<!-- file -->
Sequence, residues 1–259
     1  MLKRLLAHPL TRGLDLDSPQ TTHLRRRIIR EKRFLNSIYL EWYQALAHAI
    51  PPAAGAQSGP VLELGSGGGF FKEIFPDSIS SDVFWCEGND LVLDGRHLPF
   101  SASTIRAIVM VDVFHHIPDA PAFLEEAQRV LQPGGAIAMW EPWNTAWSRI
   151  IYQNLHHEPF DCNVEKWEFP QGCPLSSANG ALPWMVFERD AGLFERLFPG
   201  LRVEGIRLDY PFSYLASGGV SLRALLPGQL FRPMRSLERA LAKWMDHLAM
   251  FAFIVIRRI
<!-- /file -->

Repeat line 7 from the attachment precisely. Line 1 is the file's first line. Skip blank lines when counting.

   251  FAFIVIRRI